Kairakuen Garden: Natural, Cultural and Historical Treasure

In Japan, plum blossoms mark the end of winter and the beginning of spring. There are many famous spots to view the beautiful red, pink and white plum blossoms. One of the best places to go during this season is Kairakuen in Mito City, the capital of Ibaraki Prefecture.


Kairakuen is ranked as one of the three most beautifully landscaped gardens in Japan. It was made by the ninth feudal lord of Mito, Tokugawa Nariaki, over a hundred years ago during the glorious Edo period. “Kairakuen” means “park to be enjoyed together.” The park was named as such because it was made not only for the ruling lord to enjoy, but also for the common people. Moreover, the idea of the park was inspired from a Confucian phrase “tension and relaxation”. It was meant to be a place for people to relax the mind and body after an intense literary and military training in the Kodokan. The Kodokan used to be a school for the children of feudal lords and warriors.


Getting There

The garden is very accessible to tourists. It is a two-hour regular railway ride from Ueno Station to Mito Station on the Joban Line, or an hour and a half on Fresh Hitachi Express.

To get to the park, you can either hop on the bus and ride for about 15mins, or take a 30minute scenic stroll along Sakura River lined with budding cherry blossom trees, and on towards Senba Lake. On weekends and holidays during the festival period, Joban Line makes a stop at Kairakuen Station which is just next to the garden to serve more visitors. But if you have time and do not mind the extra leg work, I would personally recommend walking on the way back. The beautiful and serene view is worth the effort. I guarantee you will be compelled to take a few short breaks to enjoy the cool breeze and the scenery as you go along. You might even like to spend more time aboard the swan boat for a little joy ride on the lake.



What to See and Do

Mito Plum Blossom Festival is held every year in Kairakuen from February 20th to March 31st. During this period, more than 3,000 plum trees of about a hundred varieties will bloom and give the garden that distinct plum blossom scent. Kodokan Hall Park also has 60 different types of plums and 800 trees in total.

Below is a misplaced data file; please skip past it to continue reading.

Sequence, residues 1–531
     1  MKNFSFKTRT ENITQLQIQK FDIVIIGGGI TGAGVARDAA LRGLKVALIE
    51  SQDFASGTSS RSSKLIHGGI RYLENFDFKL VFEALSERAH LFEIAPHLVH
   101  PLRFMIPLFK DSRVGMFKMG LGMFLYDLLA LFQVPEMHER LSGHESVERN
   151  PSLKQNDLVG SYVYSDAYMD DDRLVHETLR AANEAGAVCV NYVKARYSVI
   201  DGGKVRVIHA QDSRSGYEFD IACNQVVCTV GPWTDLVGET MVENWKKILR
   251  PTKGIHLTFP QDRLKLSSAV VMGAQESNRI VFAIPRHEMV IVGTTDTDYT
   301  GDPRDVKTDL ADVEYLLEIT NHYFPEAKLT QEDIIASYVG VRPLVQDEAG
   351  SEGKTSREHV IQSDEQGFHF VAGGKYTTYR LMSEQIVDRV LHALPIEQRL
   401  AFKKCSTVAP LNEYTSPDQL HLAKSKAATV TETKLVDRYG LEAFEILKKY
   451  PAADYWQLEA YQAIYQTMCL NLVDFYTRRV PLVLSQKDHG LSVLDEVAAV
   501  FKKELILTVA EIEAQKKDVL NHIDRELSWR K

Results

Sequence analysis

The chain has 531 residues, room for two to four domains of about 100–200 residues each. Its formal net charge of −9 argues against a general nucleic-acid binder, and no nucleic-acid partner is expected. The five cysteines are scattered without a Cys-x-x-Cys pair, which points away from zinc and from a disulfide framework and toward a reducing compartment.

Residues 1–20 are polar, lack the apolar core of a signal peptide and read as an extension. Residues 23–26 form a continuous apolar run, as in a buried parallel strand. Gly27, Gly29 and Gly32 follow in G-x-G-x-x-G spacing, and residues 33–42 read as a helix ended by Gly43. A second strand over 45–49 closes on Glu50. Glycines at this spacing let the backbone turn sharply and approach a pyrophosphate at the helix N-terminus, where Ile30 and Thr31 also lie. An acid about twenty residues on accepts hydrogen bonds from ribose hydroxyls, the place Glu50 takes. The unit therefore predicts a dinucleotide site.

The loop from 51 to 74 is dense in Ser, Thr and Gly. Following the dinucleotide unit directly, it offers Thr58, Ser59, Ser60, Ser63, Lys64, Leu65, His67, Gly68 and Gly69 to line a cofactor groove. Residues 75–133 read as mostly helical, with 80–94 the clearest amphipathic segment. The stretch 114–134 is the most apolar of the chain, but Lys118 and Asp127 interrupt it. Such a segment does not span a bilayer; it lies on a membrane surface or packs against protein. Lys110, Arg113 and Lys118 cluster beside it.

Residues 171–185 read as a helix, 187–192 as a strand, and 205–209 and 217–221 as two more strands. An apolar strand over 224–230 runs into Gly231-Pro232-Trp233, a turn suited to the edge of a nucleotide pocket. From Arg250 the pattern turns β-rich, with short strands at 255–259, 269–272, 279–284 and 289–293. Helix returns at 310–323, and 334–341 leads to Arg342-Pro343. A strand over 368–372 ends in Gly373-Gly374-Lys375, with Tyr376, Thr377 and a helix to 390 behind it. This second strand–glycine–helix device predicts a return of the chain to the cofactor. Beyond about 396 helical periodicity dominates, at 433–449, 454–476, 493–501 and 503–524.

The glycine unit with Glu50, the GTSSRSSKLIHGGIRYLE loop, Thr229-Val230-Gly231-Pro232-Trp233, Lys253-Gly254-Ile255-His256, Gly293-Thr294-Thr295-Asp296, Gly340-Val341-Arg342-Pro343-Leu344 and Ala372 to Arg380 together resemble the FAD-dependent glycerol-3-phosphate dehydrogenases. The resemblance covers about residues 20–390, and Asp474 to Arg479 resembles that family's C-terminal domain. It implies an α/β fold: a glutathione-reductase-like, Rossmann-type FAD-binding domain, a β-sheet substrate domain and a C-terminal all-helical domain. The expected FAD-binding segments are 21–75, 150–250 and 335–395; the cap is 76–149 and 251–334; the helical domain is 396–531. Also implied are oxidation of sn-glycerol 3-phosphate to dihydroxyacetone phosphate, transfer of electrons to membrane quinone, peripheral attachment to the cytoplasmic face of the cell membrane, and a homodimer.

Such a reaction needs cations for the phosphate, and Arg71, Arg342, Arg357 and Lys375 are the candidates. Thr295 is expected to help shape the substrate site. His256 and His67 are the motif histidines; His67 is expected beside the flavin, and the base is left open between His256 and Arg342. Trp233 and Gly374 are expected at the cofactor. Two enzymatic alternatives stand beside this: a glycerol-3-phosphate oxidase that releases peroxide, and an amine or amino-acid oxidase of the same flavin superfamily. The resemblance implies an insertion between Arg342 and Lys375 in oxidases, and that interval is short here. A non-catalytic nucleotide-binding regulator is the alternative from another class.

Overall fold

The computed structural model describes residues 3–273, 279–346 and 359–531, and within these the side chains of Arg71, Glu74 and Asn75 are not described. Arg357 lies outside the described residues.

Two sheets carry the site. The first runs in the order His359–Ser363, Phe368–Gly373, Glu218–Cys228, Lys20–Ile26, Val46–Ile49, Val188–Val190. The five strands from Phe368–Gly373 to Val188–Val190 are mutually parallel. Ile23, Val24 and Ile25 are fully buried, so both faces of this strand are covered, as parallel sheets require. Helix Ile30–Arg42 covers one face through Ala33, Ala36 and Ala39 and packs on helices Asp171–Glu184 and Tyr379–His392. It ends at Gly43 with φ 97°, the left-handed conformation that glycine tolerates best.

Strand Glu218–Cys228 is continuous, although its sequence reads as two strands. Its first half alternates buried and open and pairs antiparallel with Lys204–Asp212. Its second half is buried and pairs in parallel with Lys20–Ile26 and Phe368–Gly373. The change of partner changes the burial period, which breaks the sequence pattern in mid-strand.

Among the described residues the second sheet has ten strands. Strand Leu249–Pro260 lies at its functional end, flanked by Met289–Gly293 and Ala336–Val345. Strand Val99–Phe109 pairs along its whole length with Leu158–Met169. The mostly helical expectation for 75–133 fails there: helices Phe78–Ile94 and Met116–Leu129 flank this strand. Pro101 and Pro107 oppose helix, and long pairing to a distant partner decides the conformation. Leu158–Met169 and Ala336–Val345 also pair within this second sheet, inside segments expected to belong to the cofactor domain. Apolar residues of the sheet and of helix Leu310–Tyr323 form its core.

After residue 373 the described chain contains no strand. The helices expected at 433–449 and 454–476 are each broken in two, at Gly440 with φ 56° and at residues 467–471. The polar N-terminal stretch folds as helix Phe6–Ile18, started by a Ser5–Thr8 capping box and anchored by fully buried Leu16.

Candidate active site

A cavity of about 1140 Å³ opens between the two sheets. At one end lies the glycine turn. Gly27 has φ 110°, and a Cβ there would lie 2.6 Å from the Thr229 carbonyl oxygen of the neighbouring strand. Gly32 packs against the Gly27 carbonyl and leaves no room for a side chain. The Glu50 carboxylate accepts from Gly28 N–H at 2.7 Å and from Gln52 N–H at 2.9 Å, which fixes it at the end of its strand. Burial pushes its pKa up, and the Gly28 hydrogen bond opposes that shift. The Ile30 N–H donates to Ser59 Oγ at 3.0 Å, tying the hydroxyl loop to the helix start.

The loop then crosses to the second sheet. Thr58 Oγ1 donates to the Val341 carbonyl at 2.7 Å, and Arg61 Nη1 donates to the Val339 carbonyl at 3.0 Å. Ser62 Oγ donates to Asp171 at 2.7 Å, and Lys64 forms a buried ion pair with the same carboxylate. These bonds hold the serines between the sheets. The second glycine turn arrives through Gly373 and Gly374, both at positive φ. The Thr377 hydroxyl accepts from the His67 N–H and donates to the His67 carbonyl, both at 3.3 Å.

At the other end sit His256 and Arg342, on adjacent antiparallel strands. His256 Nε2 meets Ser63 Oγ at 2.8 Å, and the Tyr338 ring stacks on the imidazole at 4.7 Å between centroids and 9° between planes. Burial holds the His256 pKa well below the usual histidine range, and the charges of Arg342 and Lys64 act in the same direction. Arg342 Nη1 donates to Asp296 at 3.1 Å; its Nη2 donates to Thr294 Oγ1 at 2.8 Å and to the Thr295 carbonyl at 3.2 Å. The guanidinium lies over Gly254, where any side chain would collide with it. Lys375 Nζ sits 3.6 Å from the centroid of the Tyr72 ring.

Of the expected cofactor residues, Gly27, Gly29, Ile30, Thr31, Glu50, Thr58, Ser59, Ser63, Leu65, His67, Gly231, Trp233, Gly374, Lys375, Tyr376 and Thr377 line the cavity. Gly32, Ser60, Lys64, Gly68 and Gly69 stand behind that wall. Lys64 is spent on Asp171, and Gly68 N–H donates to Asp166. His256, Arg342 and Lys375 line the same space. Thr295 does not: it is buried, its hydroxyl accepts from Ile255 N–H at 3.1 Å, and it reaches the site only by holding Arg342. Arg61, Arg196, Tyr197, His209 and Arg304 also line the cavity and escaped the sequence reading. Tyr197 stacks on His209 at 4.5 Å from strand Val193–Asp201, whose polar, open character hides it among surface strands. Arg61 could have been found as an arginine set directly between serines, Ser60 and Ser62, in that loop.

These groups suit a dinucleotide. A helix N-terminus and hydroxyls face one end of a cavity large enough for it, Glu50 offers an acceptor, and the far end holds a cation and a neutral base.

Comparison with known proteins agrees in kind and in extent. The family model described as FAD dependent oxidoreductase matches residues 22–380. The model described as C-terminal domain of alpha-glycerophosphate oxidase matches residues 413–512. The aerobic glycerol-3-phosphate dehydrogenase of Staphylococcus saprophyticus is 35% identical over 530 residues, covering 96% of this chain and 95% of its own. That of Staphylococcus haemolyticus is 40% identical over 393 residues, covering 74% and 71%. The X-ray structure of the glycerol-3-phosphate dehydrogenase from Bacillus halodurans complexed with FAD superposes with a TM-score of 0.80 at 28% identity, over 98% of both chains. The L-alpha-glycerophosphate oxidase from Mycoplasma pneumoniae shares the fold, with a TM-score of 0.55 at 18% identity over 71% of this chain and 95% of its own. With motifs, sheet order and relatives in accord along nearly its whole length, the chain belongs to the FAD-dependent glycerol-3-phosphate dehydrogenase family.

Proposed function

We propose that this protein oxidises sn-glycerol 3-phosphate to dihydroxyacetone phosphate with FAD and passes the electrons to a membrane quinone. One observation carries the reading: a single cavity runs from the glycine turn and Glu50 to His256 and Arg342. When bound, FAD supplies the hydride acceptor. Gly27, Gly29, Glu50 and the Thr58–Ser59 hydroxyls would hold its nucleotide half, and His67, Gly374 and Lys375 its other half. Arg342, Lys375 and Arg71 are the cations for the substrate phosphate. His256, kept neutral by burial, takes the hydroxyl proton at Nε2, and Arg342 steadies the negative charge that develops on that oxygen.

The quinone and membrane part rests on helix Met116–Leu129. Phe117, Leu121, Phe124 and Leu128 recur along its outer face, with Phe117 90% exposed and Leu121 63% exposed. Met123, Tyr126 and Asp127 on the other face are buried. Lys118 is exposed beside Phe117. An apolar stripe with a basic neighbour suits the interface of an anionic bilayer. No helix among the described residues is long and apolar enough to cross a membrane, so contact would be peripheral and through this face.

Hundreds of people visit the garden not only to view the blossoms day and night, but also to take part in several cultural events held within the garden or at nearby facilities. Some of these events include calligraphy, tea ceremonies, Japanese drum performances, Japanese traditional dance, Doll Festival display, the Annual Photo Shoot and Photo Contest, and the Annual Haiku (Japanese poem) Contest. These are usually scheduled on weekends for a larger captive audience.
If itʼs impossible for you to visit during the day, you still have a chance to view the blossoms at night. The garden will be illuminated from sunset to 9 oʼclock in the evening on March 6-22. Also, the Night Plum Festival will be held on March 14th. It is one special night when visitors can take a walk and view the blossoms with candles on display and watch fireworks.


Another interesting event held during the plum season is the Plum Wine Festival. There will be 150 kinds of plum wine from different parts of Japan that you can taste! And if you donʼt know just yet, Mitoʼs delicacy is natto (fermented soy beans). So there will be a Natto Speed-Eating International Contest, too! Challengers, anyone?

The road along the parkʼs entrances is lined with food shops and souvenir stores. Pickled plums and a plethora of other plum goodies are available for purchase, and sometimes for a free taste, at these shops. Plum blossom scents/perfumes are also sold here. And of course, the usual Japanese festival favorites also pitch their tents in the area. So there is always something to satisfy a hungry stomach and an active child.


Part of the Japanese flower viewing culture is having a picnic in the gardens with family, friends, or colleagues. Local tourists usually bring packed meals (bento) and find a spot to eat, relax and enjoy the blossoms. Other seasonal flowers also bloom in the garden such as cherry blossoms, azaleas, wisteria and bush clover. Apart from the flowers, there are also cedar trees, a bamboo grove, wooden gates and lawns.


A visit to Kairakuen wonʼt be complete without entering the Kobuntei. It is a traditional Japanese style building that holds educational and recreational activities throughout the year. Visitors will have to pay a fee to enter the facility. But it will be worth it as the building offers a magnificent view of the park and Senba Lake from its top floor (Rakujyuro). According to history, Lord Tokugawa Nariaki used to invite writers and artists to this pavilion. They would have parties there and compose traditional Japanese verses. Also, the annex of the building used to house the lordʼs wife and entourage.

If youʼve got nothing planned yet for the Hanami season, consider heading up to Mito and have some cultural fun against the backdrop of its beautiful garden Kairakuen.

Website (in English):

Kairakuen Garden

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